by Marcelo Vieta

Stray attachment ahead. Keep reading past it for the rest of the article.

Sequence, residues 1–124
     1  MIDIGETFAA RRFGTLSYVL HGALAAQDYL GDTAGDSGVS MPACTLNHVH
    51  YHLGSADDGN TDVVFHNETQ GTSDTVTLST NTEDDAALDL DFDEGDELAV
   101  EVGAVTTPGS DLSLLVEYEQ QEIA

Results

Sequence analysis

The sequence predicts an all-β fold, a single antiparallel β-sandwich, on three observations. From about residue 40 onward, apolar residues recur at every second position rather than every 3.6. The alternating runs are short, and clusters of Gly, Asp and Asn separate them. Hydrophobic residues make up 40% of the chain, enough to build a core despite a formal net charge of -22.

This paper highlights the first phase of a research program, completed in late 2014 and early 2015, that homes in on worker-recuperated enterprises (imprese recuperate dai lavoratori) in Italy. The paper specifically focuses on Italy's worker buyouts (WBOs) facilitated by its Legge Marcora (Marcora Law) framework--the form of worker-recuperated enterprises predominating in Italy. The paper first offers a definition of WBOs as a subset of worker-recuperated enterprises. It also reviews the most common scenarios from which WBOs emerge globally. It then overviews Legge Marcora's legal and financial framework, and situates the emergence of Italian WBOs since the early 1980s as direct responses to market failure, business closures, rising unemployment, and, with the most recent WBOs, coinciding with the Great Recession and subsequent austerity measures that continue to negatively impact the country. The paper finally discusses key findings from our research on WBO creation in Italy, touching on their most salient demographic and geographic particularities. Throughout, the paper distinguishes Italy's WBOs as exemplar because of their resilience in times of crisis, and the inclusion of multiple stakeholders in its WBO framework, namely: workers, the cooperative sector, and the state.
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